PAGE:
Web Services, SOA, BPM, and Cloud Computing – IX

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A discussion on web services, SOA, BPM and Cloud Computing would be incomplete without a post on grid computing.

Wikipedia starts their article on grid computing by saying that “Grid computing is the combination of computer resources from multiple administrative domains for a common goal.

So what does this mean?

In the first place, computing is about achieving a piece of work, what the work consists of is irrelevant for the definition.

Grid computing is about achieving or completing a humongous piece of work which if given to a single computer would take an inordinately large amount of time and would also in all probability lock up the CPU cycles of the machine, leading to that notorious reaction ‘My computer froze”.

For people who are maybe not technically minded but are aware of SETI@home (The Search For Extra Terrestrial Intelligence – this is a volunteer computing project that utilizes the unused CPU cycles of volunteer home and work PCs to analyze radio signals emanating from space for signs of some sort of intelligent life out there. This seeks to answer that philosophical question “Are we the only ones out here on Planet Earth? It cannot be – there must be someone out there in the vast reaches of the universe”.

What this implies that each volunteer machine downloads a set of radio signal data, analyses it and sends the results back to the SETI project server. The SETI@home application is a screen-saver to be loaded onto the client machine.

This is what in technical terms is known as CPU scavenging and volunteer computing.

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Architecture – Understanding The Criteria – V

Distributed and parallel systems

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The final post in this series on Architecture – Understanding The Criteria.

This post consists of the  few remaining terms that I overlooked in my previous posts.

Distributed:

Distributed computing is a field of computer science that studies distributed systems. A distributed system consists of multiple autonomous computers that communicate through a computer network. The computers interact with each other in order to achieve a common goal. A computer program that runs in a distributed system is called a distributed program, and distributed programming is the process of writing such programs.[1]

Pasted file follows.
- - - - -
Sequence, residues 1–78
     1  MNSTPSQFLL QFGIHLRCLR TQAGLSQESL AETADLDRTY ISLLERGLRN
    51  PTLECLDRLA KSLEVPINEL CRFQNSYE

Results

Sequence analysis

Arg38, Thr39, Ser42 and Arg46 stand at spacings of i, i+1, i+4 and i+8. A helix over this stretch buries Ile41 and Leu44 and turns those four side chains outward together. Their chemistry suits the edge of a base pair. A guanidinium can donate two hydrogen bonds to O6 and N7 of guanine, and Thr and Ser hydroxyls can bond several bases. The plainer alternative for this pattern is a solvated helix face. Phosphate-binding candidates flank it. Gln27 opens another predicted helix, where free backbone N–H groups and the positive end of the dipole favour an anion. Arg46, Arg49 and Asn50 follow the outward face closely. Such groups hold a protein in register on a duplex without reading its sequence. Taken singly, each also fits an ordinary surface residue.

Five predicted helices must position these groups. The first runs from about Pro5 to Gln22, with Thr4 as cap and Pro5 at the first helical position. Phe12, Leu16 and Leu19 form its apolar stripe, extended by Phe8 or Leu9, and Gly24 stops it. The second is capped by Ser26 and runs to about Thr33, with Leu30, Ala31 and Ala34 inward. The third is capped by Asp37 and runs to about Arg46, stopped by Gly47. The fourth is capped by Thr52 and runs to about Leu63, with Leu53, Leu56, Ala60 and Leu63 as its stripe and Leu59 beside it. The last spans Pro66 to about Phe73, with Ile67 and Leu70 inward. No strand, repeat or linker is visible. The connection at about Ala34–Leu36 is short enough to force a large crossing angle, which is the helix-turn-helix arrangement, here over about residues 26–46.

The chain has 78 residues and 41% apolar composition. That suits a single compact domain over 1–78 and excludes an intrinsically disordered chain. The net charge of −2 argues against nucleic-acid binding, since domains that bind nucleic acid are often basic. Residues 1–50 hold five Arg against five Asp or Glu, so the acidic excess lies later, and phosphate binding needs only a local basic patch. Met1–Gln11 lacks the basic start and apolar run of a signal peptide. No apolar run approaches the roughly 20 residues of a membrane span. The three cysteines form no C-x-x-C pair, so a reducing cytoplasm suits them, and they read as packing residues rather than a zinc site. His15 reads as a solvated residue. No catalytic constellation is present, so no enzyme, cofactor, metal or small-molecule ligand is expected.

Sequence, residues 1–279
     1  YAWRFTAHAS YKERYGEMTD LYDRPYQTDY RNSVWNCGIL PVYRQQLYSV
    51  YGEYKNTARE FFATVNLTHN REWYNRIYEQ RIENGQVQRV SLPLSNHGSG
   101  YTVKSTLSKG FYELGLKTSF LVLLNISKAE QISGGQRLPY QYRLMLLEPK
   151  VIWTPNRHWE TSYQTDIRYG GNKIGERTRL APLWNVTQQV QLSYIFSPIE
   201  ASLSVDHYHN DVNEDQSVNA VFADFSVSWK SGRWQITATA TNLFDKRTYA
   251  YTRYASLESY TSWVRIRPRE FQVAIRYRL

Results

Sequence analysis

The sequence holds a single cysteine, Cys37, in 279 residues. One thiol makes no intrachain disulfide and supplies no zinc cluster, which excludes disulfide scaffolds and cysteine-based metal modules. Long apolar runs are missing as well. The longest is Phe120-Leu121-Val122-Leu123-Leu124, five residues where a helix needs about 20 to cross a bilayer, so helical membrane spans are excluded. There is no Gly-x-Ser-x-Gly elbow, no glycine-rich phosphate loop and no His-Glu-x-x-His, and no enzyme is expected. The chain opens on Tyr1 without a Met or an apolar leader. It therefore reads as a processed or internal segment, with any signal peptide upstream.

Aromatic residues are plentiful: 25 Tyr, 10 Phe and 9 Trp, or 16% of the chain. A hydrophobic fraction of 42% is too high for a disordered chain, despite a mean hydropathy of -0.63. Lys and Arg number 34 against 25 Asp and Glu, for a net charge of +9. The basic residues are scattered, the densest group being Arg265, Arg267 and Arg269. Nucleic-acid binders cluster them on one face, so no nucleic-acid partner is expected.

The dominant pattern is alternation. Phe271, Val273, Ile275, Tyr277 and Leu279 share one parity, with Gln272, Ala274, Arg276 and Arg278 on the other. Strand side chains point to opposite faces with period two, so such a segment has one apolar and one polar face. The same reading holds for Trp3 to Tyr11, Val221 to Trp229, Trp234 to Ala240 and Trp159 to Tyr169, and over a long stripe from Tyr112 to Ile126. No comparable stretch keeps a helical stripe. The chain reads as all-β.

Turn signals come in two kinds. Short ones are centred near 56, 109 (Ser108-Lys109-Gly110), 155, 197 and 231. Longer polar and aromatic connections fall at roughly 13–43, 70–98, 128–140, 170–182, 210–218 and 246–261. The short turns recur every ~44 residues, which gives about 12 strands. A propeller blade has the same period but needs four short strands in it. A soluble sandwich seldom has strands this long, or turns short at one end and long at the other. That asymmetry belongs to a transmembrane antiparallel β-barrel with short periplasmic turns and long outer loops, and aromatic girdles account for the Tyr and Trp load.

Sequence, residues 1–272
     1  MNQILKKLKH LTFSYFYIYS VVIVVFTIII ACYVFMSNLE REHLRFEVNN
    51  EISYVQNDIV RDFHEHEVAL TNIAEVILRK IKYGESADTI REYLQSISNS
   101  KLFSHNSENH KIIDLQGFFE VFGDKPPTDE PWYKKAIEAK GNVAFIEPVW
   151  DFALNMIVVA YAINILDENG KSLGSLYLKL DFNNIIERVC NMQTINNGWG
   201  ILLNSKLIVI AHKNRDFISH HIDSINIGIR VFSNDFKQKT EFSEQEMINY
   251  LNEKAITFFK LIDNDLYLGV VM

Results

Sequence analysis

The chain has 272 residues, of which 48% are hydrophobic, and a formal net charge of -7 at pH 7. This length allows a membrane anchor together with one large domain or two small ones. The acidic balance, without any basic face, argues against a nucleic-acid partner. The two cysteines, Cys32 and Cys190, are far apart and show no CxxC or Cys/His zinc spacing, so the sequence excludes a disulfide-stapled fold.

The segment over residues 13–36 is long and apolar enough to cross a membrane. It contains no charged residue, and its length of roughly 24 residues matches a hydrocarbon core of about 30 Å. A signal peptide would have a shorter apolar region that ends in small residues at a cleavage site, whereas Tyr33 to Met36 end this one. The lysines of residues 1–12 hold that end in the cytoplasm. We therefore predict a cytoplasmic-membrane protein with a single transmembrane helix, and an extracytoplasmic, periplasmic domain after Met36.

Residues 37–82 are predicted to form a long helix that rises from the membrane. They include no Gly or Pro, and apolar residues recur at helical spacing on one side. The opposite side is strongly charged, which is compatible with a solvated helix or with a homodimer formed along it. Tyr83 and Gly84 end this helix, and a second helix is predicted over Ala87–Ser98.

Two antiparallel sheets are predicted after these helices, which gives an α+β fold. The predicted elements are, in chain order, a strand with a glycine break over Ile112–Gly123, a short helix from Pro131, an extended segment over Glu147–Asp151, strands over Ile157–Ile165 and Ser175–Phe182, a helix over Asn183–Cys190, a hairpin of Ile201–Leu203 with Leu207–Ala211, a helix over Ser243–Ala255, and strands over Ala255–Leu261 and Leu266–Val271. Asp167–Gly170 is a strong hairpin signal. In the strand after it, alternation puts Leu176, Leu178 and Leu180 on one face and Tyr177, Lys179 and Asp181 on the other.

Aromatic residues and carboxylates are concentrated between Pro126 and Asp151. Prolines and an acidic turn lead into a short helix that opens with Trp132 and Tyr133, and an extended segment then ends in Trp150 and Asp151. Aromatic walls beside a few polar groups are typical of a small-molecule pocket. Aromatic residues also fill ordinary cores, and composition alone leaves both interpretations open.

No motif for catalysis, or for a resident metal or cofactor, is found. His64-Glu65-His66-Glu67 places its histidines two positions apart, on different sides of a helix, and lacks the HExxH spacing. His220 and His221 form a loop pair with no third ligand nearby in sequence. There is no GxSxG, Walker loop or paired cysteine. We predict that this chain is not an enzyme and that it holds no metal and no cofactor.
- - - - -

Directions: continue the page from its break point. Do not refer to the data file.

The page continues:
Distributed computing also refers to the use of distributed systems to solve computational problems. In distributed computing, a problem is divided into many tasks, each of which is solved by one computer.

Distributed computing was earlier known as parallel computing. Of late, it has come into vogue and is referred to as grid computing.

Distributed systems are systems that communicate to each other via the network; this implies different systems residing on different physical hardware. A web architecture is by nature distributed; the client is the browser that resides on the user’s machine; the presentation tier may or may not be co-located  with the business objects on a single machine and finally the database resides on a database server.

Also, SOA (Service Oriented Architecture) which implies web services are also by their very nature distributed systems. Message Oriented Middleware add another layer of abstraction and decoupling to distributed systems.

Grid computing involves the asynchronous distribution of tasks of a job or several jobs to slave systems that perform the tasks and the results are sent back to the master where the results are aggregated to be presented to the job submitter. A very relevant example of grid computing would be Google Search Indexing which is a grid computing exercise with several software agents called robots that index the web and update the Google Cache and Index Database.

 

 Variability:

Variability is how well the architecture can be expanded or modified to produce new architectures that differ in specific , preplanned ways. Variability mechanisms may be run-time,compile-time,build-time or code-time. Variability is important in a product setting when the architecture is the underlying architecture behind a whole set of related products or product line.

Conceptual integrity:

Conceptual integrity is the unifying theme underlying an architecture. Simply put, the architecture allows does similar things in a similar fashion. The architecture should exemplify consistency, have few data and control mechanisms and use a small number of patterns. This makes it easy for developers to work on the system and nasty surprises are avoided.

 Elasticity:

Though this seems specific to cloud computing, I will include it here. Elasticity is the ability of the supply of computing resources to react dynamically, in a preplanned manner, to changes in demand – either increased or decreased demand. This is a feature of cloud computing offerings as per the Service Level Agreements (SLAs) the enterprise may have with its cloud computing suppliers. The outsourcing can have various combinations, such as in-sourcing for normal, anticipated computing demand and outsourcing for spikes in demand; or complete outsourcing to a single provider , single sourcing ; outsourcing to a single provider with surges in demand outsourced to another cloud computing provider; outsourcing to multiple providers to reduce downtime – multi-sourcing.

Reference: Evaluating Software Architectures – Methods and Case Studies – Clements, Kazman & Klein.

Evaluating Software Architectures: Methods and Case Studies

That’s all!

Have a great week!

An intellectual is a person who has discovered something more interesting than sex.

Aldous Huxley

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